aquarite SWG trouble desoldering varistor from mother board.

nsxsurgeon

New member
Aug 4, 2014
4
Stamford
I have Aquarite SWG and like many other owners the varistor(black little component) burned out. My unit is just over a year old and warranty is for parts but not labor--I called Hayward and said I need to call one of their contracted people, even though I can see the varistor is burned out and cracked. I already ordered the $3 part from digi key. The problem is that I am having trouble desoldering it in order to put the new one on. I even bought a 45 watt desoldering gun but it seems that there is some protective coating over the solder joint which keeps me from heating up the solder to melt. Any suggestions would be appreciated. I bought a new mother board on line from amazon in the meantime and everything is working ok but I would like to at least have a back up motherboard now.
 

JohnT

Admin
Mod Squad
TFP Expert
Apr 4, 2007
9,723
SW Indiana
Sometimes the easiest way is to add solder to the tip of the iron and let it flow onto the old solder. The molten solder conducts heat very well. Then use either solder wick or use the heat and fling method to get the solder off the board.
 

nsxsurgeon

New member
Aug 4, 2014
4
Stamford
thanks for your reply,unfortunately I have tried that without success. It seems like the soldering joint has been covered by a metal foil which looks like some heat protecting foil. there is this rectangular area of metal foil on both sides of the motherboard where the leg of the varistor goes through. this foil over the solder joint does not melt. It almost looks like it was deliberately put there to prevent someone from desoldering it. I am not an expert i desoldering but I thought the 45 watt desoldering gun should be able to melt the solder easily. the leg of the varistor looks like it is made of copper but it almost looks like the foil on the component part of the motherboard extends on the legs of the varistor about one to two millimeters. not sure what else to do.
 

nsxsurgeon

New member
Aug 4, 2014
4
Stamford
it looks like the old leads are made of copper but the new varistor looks like steel/iron--(silver colored). Is it ok to solder two different metals together? Sounds like your suggestion is a good one as the existing leads are about 1.5 cm long. Thanks
 

JohnT

Admin
Mod Squad
TFP Expert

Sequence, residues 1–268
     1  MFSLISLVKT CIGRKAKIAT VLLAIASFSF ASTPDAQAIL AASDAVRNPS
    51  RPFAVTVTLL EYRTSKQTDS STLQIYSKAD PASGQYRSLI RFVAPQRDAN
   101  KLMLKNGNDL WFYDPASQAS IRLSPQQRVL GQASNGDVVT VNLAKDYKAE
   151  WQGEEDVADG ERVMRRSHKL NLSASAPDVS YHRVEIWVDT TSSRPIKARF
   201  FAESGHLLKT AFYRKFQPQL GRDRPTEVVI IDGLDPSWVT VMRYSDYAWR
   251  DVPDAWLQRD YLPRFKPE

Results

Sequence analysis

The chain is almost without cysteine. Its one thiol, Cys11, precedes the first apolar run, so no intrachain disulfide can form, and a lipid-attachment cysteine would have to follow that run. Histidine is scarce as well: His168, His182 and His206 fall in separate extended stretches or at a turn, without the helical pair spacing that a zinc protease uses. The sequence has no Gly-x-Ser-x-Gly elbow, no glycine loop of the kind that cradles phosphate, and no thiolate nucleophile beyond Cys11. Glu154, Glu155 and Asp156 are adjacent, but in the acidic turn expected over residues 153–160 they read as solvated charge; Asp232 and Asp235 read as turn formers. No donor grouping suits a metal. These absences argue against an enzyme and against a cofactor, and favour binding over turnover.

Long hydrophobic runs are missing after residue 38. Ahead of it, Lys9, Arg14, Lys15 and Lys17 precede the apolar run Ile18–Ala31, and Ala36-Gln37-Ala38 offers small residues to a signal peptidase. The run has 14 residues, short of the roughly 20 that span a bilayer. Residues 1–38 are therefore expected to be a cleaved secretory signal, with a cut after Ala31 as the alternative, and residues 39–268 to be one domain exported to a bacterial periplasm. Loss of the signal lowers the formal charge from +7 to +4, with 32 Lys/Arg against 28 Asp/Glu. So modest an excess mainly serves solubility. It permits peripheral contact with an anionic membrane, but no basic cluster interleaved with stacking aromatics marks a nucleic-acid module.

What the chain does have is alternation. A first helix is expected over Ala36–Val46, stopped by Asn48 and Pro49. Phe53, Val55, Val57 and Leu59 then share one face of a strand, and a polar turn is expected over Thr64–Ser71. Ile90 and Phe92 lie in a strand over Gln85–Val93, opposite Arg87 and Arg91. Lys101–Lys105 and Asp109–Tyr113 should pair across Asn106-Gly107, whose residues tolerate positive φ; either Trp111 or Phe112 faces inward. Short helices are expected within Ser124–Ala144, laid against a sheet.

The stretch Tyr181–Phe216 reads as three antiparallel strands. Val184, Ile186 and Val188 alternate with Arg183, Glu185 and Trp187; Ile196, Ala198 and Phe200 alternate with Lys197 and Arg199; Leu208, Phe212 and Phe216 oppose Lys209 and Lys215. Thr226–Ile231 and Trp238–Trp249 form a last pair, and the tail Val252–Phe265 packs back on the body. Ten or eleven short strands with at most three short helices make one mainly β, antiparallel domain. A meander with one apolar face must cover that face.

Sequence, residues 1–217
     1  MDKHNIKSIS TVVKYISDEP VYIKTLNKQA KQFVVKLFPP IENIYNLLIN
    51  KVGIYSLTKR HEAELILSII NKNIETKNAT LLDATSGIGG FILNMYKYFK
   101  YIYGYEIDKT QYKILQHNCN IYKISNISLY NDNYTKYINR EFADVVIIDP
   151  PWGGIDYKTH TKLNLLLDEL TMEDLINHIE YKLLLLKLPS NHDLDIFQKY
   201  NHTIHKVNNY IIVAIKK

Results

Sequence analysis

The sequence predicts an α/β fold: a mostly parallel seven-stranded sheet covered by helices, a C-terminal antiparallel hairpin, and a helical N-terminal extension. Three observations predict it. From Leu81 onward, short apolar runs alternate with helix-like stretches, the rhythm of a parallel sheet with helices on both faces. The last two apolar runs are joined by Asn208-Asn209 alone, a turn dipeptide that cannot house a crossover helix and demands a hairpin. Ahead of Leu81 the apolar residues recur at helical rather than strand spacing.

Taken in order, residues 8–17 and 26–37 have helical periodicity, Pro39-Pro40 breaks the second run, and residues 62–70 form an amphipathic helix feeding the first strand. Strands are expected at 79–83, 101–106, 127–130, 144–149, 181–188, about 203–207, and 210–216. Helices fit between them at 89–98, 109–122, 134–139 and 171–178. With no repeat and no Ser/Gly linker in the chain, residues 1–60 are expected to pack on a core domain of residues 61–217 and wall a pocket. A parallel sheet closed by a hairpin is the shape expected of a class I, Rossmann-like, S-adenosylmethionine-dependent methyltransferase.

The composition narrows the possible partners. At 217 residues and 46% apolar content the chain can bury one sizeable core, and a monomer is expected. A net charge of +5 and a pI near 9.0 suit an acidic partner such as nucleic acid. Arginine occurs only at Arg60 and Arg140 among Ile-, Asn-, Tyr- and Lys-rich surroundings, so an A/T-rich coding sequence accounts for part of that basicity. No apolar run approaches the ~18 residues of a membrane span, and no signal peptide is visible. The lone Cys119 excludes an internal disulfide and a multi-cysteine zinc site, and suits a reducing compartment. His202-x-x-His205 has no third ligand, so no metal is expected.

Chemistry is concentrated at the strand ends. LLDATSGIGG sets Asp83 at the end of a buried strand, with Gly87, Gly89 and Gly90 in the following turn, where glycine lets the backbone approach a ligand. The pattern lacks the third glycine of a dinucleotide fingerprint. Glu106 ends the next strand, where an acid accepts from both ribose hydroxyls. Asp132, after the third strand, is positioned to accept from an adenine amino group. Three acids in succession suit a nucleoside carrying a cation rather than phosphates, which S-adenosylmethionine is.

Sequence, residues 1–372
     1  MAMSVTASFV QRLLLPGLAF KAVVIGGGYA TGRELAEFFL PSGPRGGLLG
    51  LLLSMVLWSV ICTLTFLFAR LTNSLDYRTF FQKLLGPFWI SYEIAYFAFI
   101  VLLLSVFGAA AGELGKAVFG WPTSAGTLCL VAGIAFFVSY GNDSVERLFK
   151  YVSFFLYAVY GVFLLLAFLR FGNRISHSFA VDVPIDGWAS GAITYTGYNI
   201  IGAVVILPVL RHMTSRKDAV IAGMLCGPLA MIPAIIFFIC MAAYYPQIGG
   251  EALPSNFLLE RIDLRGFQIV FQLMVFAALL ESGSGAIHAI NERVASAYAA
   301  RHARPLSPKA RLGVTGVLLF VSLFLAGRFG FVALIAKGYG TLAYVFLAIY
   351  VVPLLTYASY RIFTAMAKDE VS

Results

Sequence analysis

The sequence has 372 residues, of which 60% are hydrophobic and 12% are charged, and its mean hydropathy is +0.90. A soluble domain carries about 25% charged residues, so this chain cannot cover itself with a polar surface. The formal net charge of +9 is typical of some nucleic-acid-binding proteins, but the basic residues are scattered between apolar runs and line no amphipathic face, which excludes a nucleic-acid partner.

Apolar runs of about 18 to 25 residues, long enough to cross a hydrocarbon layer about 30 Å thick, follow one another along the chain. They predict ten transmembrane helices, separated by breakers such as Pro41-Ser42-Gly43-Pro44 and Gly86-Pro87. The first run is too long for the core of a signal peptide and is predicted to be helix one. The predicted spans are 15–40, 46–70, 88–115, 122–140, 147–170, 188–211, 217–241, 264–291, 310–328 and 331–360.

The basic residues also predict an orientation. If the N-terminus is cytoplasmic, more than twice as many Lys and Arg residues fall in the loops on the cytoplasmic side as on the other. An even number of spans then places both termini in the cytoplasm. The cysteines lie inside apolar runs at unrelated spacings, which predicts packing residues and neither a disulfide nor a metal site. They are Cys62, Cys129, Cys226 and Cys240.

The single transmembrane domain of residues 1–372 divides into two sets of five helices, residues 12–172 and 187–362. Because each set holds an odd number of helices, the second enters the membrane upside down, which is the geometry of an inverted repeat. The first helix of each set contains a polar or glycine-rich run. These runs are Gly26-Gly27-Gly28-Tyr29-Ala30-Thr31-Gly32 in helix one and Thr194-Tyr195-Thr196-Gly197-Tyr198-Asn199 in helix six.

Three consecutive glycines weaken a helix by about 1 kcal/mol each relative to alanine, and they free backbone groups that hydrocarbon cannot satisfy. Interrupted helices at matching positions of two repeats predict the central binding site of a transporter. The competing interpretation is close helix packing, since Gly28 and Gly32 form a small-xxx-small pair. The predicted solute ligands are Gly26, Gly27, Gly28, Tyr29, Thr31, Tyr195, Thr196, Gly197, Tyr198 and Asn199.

Apr 4, 2007
9,723
SW Indiana
it looks like the old leads are made of copper but the new varistor looks like steel/iron--(silver colored). Is it ok to solder two different metals together? Sounds like your suggestion is a good one as the existing leads are about 1.5 cm long. Thanks
Possibly tinned, but either way you can solder them together.
 

Bama Rambler

Mod Squad
TFP Expert
Bronze Supporter
LifeTime Supporter
Jun 22, 2009
23,874
SouthWest Alabama
Just as a note. A 45 watt soldering iron is going to take a long time to get hot and it's not going to be very fast at transferring the heat to the part needing to be desoldered.

I'd like to see a picture of the "protective foil" you're talking about.
Also, how old is the unit?
 

Bama Rambler

Mod Squad
TFP Expert
Bronze Supporter
LifeTime Supporter
Jun 22, 2009
23,874
SouthWest Alabama
Those large metal lands are a sort of heat sink, but the current limiter is just soldered into them they're not actually covering the leads.

The fact that the lands act like a heat sink is why your soldering iron had a hard time melting the solder. Basically you need more heat and it needs to be concentrated right where the leg dimples on the lands are.
 

jlentz32

Well-known member
May 27, 2011
61
What Bama said, that's a huge heat sink. You'll need to crank the heat up on the soldering iron and keep adding solder to get the joint to flow.

Id clip the leads on the part first. Then use a needle nose to pull the leads out as you hear it up. Clean it up with a desoldering tool or braid after you get the leads out.
 

jlentz32

Well-known member
May 27, 2011
61
To clarify. By keep adding solder I mean you'll probably use about 6 or more inches, the molten solder will help conduct the heat better.


One more thing is that since this is most likely ROHS (lead free) the melting point on the solder already on the board is higher than the 60/40 you've probably already got.

It will take some patience but it's doable.